Your baby’s movements matter – reducing stillbirth

Midwives at our Maternity Units are introducing initiatives to improve information for parents-to-be on the importance of being aware of their baby’s movements as we embrace national guidelines about reducing rates of stillbirth. Although stillbirth rates have fallen over recent years, current rates indicate that one in every 200 babies is stillborn - that's more than 3,600 nationally every year. 

Assistant Director of Maternity & Fertility Services Dawn Morrall said: "As midwives we witness first-hand the devastating impact of these deaths. Every stillbirth is a tragedy for the families involved, and we would like to see a reduction in these sad events at our hospitals. 

"During pregnancy, feeling your baby move reassures you that they are well. In some cases, a baby's normal pattern of movements may change because they are unwell - around half of women who had a stillbirth felt that their baby's movements had slowed down or stopped. 

"We have developed this campaign to help women recognise signs and symptoms that may concern them, and our message is clear: never hesitate to contact your midwife or local maternity unit for advice, no matter how many times this may be.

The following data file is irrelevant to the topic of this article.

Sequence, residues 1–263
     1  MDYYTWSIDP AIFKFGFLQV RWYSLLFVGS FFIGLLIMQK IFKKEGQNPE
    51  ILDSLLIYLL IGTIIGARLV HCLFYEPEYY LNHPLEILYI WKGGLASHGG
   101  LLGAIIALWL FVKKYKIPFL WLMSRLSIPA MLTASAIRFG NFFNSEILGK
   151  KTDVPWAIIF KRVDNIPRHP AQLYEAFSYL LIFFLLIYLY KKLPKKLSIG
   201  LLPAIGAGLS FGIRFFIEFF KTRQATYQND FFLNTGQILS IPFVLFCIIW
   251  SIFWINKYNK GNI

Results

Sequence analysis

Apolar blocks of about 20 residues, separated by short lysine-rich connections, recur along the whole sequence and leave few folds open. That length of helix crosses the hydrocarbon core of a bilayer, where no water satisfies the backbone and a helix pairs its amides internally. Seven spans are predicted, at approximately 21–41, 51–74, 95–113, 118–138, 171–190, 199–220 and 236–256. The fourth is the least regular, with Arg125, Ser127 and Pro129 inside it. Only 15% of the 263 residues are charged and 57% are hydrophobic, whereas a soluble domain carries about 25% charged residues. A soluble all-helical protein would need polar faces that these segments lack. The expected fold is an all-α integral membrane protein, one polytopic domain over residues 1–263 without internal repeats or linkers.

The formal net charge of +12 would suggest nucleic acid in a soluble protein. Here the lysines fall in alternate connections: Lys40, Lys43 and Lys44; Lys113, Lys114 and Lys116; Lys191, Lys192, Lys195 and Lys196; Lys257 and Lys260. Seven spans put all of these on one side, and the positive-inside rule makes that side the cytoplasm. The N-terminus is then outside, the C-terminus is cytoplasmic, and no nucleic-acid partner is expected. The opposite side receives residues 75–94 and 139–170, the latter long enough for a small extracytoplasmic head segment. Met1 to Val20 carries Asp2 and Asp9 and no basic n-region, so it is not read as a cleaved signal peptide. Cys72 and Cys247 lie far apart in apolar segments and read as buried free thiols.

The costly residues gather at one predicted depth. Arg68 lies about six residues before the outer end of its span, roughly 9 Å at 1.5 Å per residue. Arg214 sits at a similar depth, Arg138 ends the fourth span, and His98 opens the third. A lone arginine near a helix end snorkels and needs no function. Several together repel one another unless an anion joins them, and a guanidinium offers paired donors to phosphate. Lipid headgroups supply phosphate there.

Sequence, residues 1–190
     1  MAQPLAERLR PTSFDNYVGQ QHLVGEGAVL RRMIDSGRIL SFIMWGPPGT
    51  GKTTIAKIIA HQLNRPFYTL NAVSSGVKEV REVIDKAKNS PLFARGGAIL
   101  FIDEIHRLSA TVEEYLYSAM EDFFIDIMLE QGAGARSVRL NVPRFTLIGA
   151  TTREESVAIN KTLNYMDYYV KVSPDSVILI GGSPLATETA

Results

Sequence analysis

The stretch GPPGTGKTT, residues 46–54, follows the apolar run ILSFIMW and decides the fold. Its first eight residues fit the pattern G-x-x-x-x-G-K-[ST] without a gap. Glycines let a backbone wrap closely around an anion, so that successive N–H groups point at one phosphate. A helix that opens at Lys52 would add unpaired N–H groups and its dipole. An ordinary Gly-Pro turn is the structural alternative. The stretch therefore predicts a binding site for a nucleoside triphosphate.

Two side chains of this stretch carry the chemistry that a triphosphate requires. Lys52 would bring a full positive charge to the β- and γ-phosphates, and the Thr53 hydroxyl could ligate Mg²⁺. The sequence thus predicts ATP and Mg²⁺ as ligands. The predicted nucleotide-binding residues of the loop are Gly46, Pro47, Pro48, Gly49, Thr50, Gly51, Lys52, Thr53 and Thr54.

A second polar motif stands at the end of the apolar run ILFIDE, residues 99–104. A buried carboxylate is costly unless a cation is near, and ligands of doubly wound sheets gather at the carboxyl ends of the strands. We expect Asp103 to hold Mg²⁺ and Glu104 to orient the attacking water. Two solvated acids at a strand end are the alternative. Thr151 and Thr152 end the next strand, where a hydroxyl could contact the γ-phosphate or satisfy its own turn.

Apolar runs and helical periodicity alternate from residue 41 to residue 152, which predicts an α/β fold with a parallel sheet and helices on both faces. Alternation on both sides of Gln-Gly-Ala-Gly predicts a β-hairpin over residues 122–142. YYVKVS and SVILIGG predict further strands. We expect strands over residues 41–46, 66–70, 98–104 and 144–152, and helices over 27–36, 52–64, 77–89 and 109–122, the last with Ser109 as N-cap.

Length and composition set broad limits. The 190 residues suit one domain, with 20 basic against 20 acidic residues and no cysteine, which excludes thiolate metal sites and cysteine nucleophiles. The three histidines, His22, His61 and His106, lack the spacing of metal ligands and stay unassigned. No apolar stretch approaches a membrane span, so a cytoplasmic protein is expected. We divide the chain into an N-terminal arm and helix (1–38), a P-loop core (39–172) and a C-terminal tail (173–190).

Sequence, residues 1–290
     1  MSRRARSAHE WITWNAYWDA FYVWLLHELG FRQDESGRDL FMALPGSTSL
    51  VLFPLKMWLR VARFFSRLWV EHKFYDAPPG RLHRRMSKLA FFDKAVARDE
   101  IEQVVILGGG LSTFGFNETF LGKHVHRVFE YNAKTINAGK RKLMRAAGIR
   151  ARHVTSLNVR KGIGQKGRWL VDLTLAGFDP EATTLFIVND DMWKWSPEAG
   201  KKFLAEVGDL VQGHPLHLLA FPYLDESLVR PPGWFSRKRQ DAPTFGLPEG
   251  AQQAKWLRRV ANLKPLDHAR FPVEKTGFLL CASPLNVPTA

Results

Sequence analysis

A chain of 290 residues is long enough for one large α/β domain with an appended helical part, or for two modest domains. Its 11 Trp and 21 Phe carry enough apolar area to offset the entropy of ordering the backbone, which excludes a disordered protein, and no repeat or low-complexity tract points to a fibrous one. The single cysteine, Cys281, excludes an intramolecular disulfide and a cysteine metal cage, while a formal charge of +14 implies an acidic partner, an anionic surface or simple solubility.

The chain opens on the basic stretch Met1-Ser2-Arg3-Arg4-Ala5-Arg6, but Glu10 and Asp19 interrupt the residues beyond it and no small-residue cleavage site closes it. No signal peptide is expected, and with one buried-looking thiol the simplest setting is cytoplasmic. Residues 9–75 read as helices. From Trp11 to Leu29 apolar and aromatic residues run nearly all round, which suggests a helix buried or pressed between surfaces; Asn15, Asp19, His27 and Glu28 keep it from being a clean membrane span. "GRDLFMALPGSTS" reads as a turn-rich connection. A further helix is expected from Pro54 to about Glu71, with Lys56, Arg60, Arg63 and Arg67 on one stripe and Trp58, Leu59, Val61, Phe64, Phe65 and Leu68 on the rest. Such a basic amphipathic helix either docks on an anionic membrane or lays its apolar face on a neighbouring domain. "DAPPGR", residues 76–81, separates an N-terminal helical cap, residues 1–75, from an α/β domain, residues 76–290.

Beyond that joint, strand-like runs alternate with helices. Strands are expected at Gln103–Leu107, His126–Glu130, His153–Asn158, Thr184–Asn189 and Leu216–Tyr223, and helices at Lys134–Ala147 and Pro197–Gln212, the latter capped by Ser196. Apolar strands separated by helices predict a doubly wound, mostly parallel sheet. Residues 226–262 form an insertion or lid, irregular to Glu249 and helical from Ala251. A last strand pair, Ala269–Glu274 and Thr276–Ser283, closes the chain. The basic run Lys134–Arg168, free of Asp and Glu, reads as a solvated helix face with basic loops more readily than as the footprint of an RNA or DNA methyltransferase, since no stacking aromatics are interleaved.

"We're using the simple acronym ACT - Active, Change in movements and Tell someone to raise awareness amongst women and to ensure that movements are discussed in a consistent way at every contact with a health professional. We have developed our own posters and leaflets to support the campaign and will be using social media to reinforce the message." 

The Maternity team has been strengthening the four main themes within the national Saving Babies Lives guidance. This guidance is part of a Government drive to halve the rate of stillbirths across the UK by 2030. The guidance brings together four key elements of care based on best practice and evidence in order to help reduce stillbirth rates: these themes include further support for women to help reduce smoking in pregnancy (a major factor in stillbirth), increasing surveillance of babies growth during pregnancy, providing specialist advice and information around babies movement in pregnancy and monitoring of baby's heart rate during labour.

See our maternity pages for more details.